Some requests aren’t specific enough, such as comments about general usability, or their meaning isn’t clear. Encourage the requestor to submit a more detailed request that includes a specific use case and need.
Requests for Support
You might occasionally get requests that are actually bug reports or usage queries. These should be reserved for Support teams, who have different response times and actions to consider. Unlike Support tickets, which are reactive and time-sensitive, Feedback requests are focused on the future and can be reviewed at a cadence that suits your organization’s internal processes, setting you up for scale.
Decline and delete Support-relevant requests and refer the requestor to your Support team in your status update message. We also recommend letting Visitors know where to go with these types of queries in your Product Feedback Policy.
Frequently Asked Questions
How can I increase customer engagement?
To increase engagement, you can include a Feedback link in your help menu or your footer, using the instructions outlined in Grant Feedback access to customers. You can also send an engagement email to raise awareness. For instructions, see Notification emails in Feedback.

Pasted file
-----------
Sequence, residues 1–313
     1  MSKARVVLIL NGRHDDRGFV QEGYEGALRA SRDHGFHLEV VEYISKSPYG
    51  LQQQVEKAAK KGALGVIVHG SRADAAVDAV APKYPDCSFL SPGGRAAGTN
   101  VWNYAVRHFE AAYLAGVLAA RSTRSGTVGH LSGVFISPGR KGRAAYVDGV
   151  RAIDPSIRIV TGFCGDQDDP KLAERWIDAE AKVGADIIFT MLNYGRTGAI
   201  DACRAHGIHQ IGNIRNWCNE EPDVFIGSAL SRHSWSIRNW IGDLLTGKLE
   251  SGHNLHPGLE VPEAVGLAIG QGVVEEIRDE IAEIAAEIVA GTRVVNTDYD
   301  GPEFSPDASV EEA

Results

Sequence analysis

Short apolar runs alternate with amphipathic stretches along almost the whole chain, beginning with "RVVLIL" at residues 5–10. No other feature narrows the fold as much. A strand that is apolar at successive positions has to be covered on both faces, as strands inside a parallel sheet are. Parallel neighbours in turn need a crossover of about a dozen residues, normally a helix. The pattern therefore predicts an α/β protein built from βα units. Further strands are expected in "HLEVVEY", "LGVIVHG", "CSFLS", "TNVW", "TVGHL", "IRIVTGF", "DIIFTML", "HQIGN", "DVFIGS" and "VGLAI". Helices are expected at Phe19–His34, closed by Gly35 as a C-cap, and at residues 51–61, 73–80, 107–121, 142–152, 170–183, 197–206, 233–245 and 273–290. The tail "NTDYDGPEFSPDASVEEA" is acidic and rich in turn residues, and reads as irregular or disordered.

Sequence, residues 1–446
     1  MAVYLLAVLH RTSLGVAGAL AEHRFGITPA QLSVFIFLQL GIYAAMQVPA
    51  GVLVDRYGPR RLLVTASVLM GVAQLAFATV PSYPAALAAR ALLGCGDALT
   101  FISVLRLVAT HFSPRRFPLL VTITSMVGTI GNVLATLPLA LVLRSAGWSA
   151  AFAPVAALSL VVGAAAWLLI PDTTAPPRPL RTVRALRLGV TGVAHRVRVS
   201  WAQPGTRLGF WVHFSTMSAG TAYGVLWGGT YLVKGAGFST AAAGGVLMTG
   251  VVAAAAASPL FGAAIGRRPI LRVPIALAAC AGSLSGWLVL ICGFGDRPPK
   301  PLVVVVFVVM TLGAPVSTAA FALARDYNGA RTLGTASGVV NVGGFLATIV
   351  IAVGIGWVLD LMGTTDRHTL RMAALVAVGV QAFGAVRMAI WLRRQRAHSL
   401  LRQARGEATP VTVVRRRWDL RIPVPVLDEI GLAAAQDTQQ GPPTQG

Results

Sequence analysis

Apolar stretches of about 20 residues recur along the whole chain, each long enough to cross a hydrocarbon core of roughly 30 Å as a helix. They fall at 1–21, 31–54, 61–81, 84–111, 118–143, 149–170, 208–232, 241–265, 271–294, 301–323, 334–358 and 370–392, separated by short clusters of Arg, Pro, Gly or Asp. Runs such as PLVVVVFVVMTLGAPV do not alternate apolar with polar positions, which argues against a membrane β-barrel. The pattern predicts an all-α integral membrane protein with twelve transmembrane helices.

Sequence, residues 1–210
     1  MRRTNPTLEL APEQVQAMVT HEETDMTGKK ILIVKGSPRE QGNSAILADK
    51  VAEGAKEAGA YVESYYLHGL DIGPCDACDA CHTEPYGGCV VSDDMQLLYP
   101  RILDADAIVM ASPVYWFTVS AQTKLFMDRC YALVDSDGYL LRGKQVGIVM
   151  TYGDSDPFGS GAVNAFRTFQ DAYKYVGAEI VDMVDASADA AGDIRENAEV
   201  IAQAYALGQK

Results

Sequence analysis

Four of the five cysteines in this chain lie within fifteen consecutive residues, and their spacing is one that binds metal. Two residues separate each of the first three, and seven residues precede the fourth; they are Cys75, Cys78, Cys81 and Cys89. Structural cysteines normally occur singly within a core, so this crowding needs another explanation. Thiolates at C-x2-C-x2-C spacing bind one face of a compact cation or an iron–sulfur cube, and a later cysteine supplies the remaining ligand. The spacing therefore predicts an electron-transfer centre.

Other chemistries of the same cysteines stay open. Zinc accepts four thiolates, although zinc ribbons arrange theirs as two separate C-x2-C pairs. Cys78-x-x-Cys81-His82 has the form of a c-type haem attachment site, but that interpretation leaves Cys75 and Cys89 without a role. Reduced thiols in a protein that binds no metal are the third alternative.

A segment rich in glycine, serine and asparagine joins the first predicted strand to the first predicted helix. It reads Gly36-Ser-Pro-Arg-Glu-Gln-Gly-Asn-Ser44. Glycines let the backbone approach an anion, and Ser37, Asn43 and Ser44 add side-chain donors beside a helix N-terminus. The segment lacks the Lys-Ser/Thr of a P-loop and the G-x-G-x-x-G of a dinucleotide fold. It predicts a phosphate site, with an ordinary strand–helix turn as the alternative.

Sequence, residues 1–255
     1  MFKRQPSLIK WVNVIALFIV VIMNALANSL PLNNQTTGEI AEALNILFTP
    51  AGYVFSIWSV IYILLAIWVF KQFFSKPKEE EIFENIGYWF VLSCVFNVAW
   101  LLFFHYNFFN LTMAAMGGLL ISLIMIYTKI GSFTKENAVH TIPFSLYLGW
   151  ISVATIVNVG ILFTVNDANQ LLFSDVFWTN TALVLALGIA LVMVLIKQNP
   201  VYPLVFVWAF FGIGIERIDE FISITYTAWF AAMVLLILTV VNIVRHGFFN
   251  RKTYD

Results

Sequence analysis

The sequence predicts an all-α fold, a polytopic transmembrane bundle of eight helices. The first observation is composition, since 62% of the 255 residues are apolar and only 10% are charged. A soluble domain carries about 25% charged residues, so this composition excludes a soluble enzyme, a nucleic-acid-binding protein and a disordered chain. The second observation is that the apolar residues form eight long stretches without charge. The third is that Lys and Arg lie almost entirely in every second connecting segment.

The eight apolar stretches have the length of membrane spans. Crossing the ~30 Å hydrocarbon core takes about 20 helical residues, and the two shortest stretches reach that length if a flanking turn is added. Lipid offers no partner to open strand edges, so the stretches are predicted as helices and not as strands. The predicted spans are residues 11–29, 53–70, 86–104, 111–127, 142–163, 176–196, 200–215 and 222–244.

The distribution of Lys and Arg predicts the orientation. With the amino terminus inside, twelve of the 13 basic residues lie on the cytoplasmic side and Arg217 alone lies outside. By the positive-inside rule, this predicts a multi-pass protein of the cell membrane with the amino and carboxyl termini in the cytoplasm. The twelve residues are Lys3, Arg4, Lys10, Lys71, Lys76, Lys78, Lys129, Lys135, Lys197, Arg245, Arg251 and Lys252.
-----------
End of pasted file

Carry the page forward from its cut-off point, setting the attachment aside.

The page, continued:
What if I get too much feedback?
With Pendo Feedback, there’s no such thing as "too much feedback".
Pendo Feedback is designed to help you with the day-to-day management of your backlog of requests so that you can focus on the ideas that appear at the top of your Feedback reports. Other requests in your backlog might become important in the future, but they don’t need to take up time and effort before then.
If you feel like you’re spending too much time managing the feedback you’re collecting, see The Feedback Workflow for some ideas on how to streamline your process. We recommend moving all incoming requests to "Awaiting Feedback" for you to process later while you focus on your biggest priorities now.
What if people submit bad requests?
Pendo Feedback is designed to help you manage your requests so that good ideas rise to the top of your priority list and bad ideas stay in your backlog. Bad ideas can stay in the "Awaiting Feedback" status until you have more data to make a decision about them. When moving a request to this status, encourage your teams and customers to add their use cases by asking specific questions in the status message or comments section. For more information, see Request status updates.
When you open yourself up to customer feedback, it’s also likely that you’ll receive some requests that you don’t plan on implementing. If you know you aren’t going to build the requested feature, follow the guidance in Declining requests, in this article. If the request is actually a bug report or usage query, follow the guidance in Requests for Support.